Needle Exchange for Young People under 18 years of age.
Turning Point - Suffolk
Providing needle exchange services to young drug users is complex. Injecting is a dangerous activity; every
effort should be made to encourage all young injectors to change their route of administration to a safer one,
engage into treatment as urgently as possible and stop using drugs. The principle of reducing harm must not be
lost when considering young drug users. However, additional harmful factors and the difference in legal status
must be carefully considered and balanced.
Needles should not be handed out without a full assessment of the young person’s needs.
The assessment should be carried out by an experienced Drug & Alcohol Worker.
Discussing who carries out the injecting is particularly important. If the young person is being injected
by someone else, even if they are consenting, this can be viewed as assault, especially if the injector is
an adult. The young person being injected should be considered to be ‘suffering or at risk of suffering
significant harm’ and child protection procedures should be followed.
The assessment must look to establish that not giving injecting equipment to the young person would be
of greater risk to them than the risk posed by continued, or increased, injecting drug misuse.
If there is an identified need for the provision of injecting equipment, it should be considered as just one
component of the treatment plan. The plan should be holistic and aim to meet all of the identified needs.
Competency and Consent:
Any treatment requires informed consent. For those offering needle exchange to young people, parental
consent should be gained wherever possible. Where this is not possible, the young person will need to
demonstrate their competence to consent to treatment.
The Fraser guidelines should be used in this process, but the assessment should be thorough and a tick
box approach should not be taken (see Appendix 1).
Under 16s: Those under 16 cannot usually consent to their treatment in such circumstances. A parent
(or legal guardian) will normally need to consent to treatment on their child's behalf. However, where a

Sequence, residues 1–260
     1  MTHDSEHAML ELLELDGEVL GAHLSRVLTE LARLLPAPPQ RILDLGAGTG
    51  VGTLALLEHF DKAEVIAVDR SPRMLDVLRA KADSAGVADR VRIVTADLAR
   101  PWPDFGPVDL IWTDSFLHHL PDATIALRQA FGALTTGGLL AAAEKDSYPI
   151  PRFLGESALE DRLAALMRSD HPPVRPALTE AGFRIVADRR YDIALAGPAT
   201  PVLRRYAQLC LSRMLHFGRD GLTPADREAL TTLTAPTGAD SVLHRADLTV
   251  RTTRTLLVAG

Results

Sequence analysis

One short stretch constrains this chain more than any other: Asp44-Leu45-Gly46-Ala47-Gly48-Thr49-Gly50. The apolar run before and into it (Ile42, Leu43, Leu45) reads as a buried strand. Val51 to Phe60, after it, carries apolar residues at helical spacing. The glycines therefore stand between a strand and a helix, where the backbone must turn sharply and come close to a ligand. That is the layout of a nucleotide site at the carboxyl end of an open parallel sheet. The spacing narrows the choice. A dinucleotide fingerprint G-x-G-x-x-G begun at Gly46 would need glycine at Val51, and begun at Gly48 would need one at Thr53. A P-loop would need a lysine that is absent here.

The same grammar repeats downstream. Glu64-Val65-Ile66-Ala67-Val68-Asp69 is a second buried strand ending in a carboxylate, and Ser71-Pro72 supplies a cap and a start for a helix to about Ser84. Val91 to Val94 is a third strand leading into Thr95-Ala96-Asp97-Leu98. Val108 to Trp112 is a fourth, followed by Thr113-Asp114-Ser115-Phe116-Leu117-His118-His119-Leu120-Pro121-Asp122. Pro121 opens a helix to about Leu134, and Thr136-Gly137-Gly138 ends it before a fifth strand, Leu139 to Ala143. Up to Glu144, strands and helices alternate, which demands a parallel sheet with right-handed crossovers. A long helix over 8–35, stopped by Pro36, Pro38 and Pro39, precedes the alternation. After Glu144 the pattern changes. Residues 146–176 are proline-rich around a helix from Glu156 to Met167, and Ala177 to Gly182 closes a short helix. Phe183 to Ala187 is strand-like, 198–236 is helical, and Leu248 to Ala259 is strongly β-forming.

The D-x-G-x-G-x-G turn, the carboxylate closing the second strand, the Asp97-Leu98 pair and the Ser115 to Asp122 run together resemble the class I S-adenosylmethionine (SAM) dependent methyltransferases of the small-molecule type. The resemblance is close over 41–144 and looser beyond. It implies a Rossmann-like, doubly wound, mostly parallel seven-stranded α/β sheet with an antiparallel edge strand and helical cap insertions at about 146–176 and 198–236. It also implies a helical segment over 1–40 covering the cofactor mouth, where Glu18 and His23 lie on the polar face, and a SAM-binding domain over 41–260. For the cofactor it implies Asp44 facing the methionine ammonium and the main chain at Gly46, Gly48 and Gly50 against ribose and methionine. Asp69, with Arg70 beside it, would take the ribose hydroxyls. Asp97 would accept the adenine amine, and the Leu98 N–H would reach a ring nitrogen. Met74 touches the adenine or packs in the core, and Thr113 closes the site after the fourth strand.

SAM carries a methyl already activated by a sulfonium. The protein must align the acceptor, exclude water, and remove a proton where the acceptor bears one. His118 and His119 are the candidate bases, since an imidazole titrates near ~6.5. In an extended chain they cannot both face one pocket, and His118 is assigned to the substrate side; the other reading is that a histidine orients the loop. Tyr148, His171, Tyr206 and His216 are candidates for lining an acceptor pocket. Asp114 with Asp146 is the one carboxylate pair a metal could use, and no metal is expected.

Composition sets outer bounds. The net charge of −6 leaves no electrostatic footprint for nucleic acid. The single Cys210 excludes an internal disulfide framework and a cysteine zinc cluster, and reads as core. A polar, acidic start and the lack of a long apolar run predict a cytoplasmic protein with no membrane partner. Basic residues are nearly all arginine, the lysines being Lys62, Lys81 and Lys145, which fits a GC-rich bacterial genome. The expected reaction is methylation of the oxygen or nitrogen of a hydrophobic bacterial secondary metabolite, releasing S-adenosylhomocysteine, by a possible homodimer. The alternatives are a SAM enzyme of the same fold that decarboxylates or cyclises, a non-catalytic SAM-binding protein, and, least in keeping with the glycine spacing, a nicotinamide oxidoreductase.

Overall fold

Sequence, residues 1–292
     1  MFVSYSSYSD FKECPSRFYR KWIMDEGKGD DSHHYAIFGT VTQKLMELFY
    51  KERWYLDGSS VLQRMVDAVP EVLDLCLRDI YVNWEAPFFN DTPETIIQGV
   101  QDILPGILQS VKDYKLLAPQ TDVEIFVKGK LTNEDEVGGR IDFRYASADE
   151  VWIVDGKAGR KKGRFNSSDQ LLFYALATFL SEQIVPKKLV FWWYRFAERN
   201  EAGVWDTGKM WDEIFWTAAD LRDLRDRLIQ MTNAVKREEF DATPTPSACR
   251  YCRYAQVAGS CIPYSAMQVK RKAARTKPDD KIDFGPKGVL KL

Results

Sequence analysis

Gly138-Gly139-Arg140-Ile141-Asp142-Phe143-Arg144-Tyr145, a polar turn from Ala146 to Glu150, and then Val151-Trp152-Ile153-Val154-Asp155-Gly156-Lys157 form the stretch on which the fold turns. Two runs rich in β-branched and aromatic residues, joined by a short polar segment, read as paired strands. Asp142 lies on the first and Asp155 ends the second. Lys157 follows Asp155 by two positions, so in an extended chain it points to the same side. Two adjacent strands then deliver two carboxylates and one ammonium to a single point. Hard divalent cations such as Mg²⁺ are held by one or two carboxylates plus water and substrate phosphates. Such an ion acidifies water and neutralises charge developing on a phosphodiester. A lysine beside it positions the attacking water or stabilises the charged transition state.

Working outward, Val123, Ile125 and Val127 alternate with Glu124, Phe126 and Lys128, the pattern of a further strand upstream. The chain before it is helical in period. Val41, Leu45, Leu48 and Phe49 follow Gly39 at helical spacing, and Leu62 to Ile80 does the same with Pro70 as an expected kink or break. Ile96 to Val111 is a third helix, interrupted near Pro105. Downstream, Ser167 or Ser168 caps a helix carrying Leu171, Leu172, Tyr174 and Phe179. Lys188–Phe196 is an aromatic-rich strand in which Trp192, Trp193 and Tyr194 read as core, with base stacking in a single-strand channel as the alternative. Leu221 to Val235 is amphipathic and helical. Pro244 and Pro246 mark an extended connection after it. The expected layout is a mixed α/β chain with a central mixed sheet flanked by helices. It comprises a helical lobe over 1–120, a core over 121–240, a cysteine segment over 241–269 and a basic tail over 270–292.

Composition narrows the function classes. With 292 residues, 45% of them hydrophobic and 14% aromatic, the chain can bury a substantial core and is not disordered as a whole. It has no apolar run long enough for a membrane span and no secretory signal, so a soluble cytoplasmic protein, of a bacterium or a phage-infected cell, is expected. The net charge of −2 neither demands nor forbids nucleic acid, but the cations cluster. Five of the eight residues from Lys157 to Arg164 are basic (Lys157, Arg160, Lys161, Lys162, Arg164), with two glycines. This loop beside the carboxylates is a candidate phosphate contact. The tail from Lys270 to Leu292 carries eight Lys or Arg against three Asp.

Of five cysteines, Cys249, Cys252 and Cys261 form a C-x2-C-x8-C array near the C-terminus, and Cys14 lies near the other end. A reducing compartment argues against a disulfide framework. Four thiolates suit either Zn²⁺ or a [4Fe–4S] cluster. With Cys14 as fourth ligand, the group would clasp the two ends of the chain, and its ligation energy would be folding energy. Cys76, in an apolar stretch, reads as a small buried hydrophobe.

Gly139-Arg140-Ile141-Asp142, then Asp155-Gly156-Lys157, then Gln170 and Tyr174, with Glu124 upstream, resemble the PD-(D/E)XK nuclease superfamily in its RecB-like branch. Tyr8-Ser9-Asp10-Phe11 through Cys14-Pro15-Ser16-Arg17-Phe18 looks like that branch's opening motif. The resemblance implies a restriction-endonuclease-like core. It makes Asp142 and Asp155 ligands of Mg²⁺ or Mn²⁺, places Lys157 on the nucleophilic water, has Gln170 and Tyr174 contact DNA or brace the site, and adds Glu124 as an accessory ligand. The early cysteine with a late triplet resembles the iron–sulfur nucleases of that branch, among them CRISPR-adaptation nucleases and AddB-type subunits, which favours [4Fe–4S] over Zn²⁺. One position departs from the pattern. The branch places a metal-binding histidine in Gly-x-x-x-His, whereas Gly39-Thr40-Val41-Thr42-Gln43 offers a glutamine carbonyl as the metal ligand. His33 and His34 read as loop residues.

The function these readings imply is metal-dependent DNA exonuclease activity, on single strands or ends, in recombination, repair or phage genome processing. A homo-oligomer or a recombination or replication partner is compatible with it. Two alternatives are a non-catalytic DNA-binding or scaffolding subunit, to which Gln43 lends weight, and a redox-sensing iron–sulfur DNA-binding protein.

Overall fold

parent is not present, and the young person will not give consent to contact them, the competency of the
young person can be assessed to consent on their behalf. Only practitioners who can demonstrate
competence to work with young injecting drug users should assess competence to consent to needle
16 and 17-year-olds: Those aged 16 and 17 years are usually considered able to consent to treatment,
but comprehensive assessments should still be used for this age group to ensure the decision is
individual. Safeguarding issues will still need to be considered and responded to, and it is still good
practice to involve parents wherever possible.
Needle Exchange services are conducted within a framework of confidentiality.
Young People using the service should have the confidentiality policy explained to them before any
Confidentiality should only be breached without consent when it is believed to be in the best interests of
the young person.
If a decision has been made to breach confidentiality, the young person should have this decision
explained to them, wherever possible prior to the disclosure.
See Appendix 2 for the four parameters to consider when establishing whether to disclose confidential
information from a young person.
Needle Exchange Services:
The provision of needles to under 18s should be carried out by local drug treatment services and not
through Pharmacy Needle Exchange Schemes.